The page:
The Glass Mountain – book review

The Glass Mountain: Tales from Poland

By Jan Pienkowski

Published by Walker Books Ltd  ISBN: 978-1-4063-4865-1

Review by Jennifer Leem-Bruggen

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Inspired by the captivating stories from ‘the lady next door’ Pani Kobuszewska, Jan Pienkowski’s ‘The Glass Mountain’, a retelling by David Walser, revives a collection of eight enchanting traditional Polish fairy tales. Jan’s introduction sets the historical backdrop for the book, giving us insight to his childhood in 1940s Poland. Turnover and a list of ‘How to Say It’ Polish words and their English meaning adds a piece of educational entertainment and a humorous lesson in pronunciation.

The collection of stories range from wagers with the devil, a Princess banished to a castle guarded by a fearsome dragon to a Prince finding a frog for a bride.

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Using a traditional form of Polish folk art, introduced to him as a boy, Jan’s signature silhouette paper-cut illustrations bring to life a magical world of castles, mythical creatures, wicked devils, evil villains and heroism. Intricate silhouette cut outs in a vibrant array of bold colours and textures placed on predominantly white backgrounds stand out, whilst the frenzied battle scenes and swooping creatures command the full breadth of the double page framing the text. Rough, jagged lines portray the demonic nature of the villainous characters and use of cleverly constructed layers of colour creates interesting shadows and depth.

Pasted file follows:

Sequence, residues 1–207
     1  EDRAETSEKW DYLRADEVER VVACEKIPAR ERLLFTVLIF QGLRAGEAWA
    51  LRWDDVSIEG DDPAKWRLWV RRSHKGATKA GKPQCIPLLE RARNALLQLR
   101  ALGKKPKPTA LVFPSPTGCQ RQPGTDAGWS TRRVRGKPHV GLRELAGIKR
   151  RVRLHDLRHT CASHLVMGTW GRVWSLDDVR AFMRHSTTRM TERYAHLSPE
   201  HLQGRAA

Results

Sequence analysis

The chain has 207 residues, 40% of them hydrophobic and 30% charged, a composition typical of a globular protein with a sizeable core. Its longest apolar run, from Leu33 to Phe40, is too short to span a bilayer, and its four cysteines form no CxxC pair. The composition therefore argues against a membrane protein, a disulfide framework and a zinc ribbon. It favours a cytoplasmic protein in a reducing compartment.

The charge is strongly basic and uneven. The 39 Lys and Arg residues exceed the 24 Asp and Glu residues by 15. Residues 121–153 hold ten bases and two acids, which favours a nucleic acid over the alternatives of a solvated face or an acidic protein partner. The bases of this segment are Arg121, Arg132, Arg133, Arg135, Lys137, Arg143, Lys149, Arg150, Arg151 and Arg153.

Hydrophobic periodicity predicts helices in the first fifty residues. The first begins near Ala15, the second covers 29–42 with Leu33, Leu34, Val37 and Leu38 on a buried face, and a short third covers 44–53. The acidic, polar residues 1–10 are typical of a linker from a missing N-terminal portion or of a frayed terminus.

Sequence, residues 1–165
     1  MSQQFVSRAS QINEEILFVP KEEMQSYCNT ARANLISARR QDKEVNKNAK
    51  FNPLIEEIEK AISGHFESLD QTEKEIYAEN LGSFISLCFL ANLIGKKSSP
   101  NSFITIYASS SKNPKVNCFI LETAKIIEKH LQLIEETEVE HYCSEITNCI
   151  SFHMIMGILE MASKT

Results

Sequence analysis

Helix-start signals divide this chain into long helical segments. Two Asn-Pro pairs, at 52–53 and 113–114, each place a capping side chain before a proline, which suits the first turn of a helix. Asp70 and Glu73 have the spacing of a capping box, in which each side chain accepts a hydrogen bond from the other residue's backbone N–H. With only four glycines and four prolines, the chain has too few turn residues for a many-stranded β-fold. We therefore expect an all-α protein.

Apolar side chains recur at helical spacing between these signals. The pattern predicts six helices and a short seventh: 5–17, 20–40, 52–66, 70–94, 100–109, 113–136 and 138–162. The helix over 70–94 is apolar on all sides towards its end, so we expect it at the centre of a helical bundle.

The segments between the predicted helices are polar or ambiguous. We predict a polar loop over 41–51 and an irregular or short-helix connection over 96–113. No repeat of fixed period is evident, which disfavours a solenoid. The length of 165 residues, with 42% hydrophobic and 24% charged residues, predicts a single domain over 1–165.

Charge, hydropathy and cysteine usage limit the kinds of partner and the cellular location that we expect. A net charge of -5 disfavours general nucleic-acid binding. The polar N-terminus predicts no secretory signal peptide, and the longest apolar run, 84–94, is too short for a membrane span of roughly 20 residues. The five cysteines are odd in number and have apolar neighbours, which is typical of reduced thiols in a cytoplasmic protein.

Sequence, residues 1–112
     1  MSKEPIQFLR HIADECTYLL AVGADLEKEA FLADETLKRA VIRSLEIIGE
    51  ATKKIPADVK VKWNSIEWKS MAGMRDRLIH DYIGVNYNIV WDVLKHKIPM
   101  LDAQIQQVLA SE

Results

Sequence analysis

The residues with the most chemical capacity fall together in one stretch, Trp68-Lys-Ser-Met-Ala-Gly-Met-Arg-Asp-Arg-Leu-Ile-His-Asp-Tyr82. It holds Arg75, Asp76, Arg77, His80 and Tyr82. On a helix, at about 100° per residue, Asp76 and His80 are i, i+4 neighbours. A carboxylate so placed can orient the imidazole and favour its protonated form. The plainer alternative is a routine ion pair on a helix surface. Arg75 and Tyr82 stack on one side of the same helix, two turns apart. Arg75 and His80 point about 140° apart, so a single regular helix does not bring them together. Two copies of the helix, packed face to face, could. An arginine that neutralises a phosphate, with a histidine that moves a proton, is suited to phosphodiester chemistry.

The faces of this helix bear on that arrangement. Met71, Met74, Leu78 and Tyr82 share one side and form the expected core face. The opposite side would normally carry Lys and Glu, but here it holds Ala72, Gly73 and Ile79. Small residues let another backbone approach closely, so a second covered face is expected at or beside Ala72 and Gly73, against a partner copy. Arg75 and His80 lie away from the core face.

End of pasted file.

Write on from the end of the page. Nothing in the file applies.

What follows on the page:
Fast-paced narrative of sorrow and triumph, betrayal and trickery engages immediately. Fluent and strong compositional elements of energetic illustrations and text throughout do not leave the eye to rest. Slanting angles and text hugging around the illustrations intensifies the theatrical nature of these fables. Large decorative initials opening each story again pay homage to the traditional fairy tale history.

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Children and adults alike can appreciate Pienkowski’s revival of his childhood Polish fairy tales with comical illustrations complementing the moral undertones of each fable. ‘The Glass Mountain’ encapsulates Jan’s imaginative youth married with effortless illustrative skill in charming us with captivating images.

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